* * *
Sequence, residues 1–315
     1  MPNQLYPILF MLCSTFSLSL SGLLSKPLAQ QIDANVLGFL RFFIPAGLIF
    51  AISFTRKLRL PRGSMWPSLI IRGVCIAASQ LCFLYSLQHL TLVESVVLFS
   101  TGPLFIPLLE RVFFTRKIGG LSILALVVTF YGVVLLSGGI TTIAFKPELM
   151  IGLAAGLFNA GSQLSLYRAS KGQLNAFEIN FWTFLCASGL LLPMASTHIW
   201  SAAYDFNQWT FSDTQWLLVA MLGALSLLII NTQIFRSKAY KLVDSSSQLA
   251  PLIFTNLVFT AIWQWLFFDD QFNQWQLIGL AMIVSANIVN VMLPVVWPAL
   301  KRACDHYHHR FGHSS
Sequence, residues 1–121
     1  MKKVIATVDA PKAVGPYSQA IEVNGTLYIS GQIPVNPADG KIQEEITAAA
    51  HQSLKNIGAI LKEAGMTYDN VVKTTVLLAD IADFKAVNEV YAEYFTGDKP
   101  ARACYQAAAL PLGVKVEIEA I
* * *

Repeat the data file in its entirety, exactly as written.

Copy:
Sequence, residues 1–315
     1  MPNQLYPILF MLCSTFSLSL SGLLSKPLAQ QIDANVLGFL RFFIPAGLIF
    51  AISFTRKLRL PRGSMWPSLI IRGVCIAASQ LCFLYSLQHL TLVESVVLFS
   101  TGPLFIPLLE RVFFTRKIGG LSILALVVTF YGVVLLSGGI TTIAFKPELM
   151  IGLAAGLFNA GSQLSLYRAS KGQLNAFEIN FWTFLCASGL LLPMASTHIW
   201  SAAYDFNQWT FSDTQWLLVA MLGALSLLII NTQIFRSKAY KLVDSSSQLA
   251  PLIFTNLVFT AIWQWLFFDD QFNQWQLIGL AMIVSANIVN VMLPVVWPAL
   301  KRACDHYHHR FGHSS
Sequence, residues 1–121
     1  MKKVIATVDA PKAVGPYSQA IEVNGTLYIS GQIPVNPADG KIQEEITAAA
    51  HQSLKNIGAI LKEAGMTYDN VVKTTVLLAD IADFKAVNEV YAEYFTGDKP
   101  ARACYQAAAL PLGVKVEIEA I